History of Cortona Week

Main content

In 1985, Prof. Dr. Pier Luigi Luisi had an extraordinary idea that would lay the foundation for Cortona Week. A professor of macromolecular chemistry at ETH Zurich at the time, Luisi noticed a phenomenon that was not commonly addressed amongst people of his field: that the graduate training programs at many universities – including ETH – were very effective in producing well-educated and highly specialized young scientists in one field. Nevertheless, these institutes were inadequate in preparing them to tackle the challenges and complexities of the real world, particularly using holistic and transdisciplinary approaches. He observed that students, in their pursue of specialization, had little time to deal with other aspects of life, such as the world of ethics, philosophy, religion, psychology, art, music, or with their own physical and psychological well-being. This problem, he thought, could not be solved through a few extra hours of lectures in social science, religion or philosophy. Ideally, students should practice transdisciplinarity and the integration of natural and human sciences. Thus, in 1985, Dr. Luisi created Cortona Week as an attempt to address this challenge and better equip future scientists with “antennas” they need for a holistic worldview.

Originally, Cortona Week was intended as a meeting place for natural science students from ETH and other universities. In the past few years, participation has been extended to include students from the humanities and arts to immerse them in principle statements of natural science. It is also an effort to actively breakdown traditional barriers, prejudices and misunderstandings between these different fields of expertise.
From 2015 on Cortona Week is part of the "Critical Thinking Initiative" of ETH Zurich.

Initially, the Swiss entrepreneur Branco Weiss funded Cortona Week generously for several years, until ETH took sole sponsorship. Since 2008, ETH organizes Cortona Week in cooperation with the Zurich University of Arts (ZHdK). Both schools have incorporated Cortona Week into their credit systems. Additionally, the event is a part of ETH's summer school exchange programs for students attending IDEA League partner universities.

Since its first conception over 30 years ago, the structure of Cortona Week has not changed much. For a whole week, students are engaged to contribute to a discourse in “Science and the Wholeness of Life.” Through a series of workshop and lectures, these students work together, mix and exchange ideas with Professors and PhD students from diverse areas, artists, musicians, religious leaders and psychologists, as well as students from other countries.

The weekly program requires intensive work, about 10 hours per day, each day. It starts as early as 7:00 with devotions, singing, yoga, drumming and taj Ji. The official morning program (9:00 - 13:00) is devoted to the lectures and seminars. The afternoons, on the other hand, offers a series of workshops with group discussions about theories and creative sessions in painting, sculpture, music and dance. Here is where natural and social scientists, students and teachers mix in small groups to discuss and find the interdisciplinary nature in its most beautiful expression. In these work groups, artists, bodyworker, psychologists and psychotherapists encourage the participants to interact with their bodies and their emotions - a particularly neglected aspect in the research community.The late afternoons are dedicated to the "speakers corner" where students and speakers meet on the green to lift up their voice and find new questions and intercultural dialogues and repliques.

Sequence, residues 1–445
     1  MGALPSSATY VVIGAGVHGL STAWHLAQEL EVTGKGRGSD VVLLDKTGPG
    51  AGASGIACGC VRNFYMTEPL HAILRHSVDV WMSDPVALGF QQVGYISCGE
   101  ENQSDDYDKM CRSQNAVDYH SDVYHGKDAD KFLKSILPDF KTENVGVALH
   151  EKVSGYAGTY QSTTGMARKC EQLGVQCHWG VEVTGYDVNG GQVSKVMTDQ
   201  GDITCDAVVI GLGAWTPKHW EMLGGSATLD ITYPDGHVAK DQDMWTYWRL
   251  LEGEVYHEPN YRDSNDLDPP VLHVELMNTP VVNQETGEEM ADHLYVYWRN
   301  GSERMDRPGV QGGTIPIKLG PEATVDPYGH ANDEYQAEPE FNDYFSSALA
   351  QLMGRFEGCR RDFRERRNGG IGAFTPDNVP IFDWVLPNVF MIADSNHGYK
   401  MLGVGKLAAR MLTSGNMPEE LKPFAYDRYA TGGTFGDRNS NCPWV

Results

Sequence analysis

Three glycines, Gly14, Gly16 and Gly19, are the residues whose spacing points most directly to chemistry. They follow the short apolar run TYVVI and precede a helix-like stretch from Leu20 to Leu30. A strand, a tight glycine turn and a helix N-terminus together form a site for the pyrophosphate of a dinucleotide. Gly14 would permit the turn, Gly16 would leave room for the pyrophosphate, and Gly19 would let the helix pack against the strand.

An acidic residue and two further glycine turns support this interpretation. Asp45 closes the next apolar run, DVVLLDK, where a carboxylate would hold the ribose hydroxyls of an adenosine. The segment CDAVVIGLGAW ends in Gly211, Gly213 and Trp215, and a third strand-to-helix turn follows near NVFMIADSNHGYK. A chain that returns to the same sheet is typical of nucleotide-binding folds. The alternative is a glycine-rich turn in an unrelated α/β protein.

Naturally, one week is not enough to learn thoroughly something new. Cortona Week is not intended to be the only solution to the problem; rather, its main goal is to act as a catalyst and awaken the interests in people, particularly students, to explore other fields of knowledge.

It is worth mentioning here that teachers and students live together in a small space and eat at the same table so that 'transdisciplinary discussion' can take place anywhere, anytime. This is a crucial and unique aspect of Cortona Week because it inevitably brings together people who otherwise may have little in common. Cortona Week’s way of establishing relationships and friendships has influenced the lives of many participants, and encourages openness to other disciplines and worldviews.

Page URL: http://www.cortona.ethz.ch/about-us/history-of-cortona-week.html
Thu Jun 29 02:15:16 CEST 2017
© 2017 Eidgenössische Technische Hochschule Zürich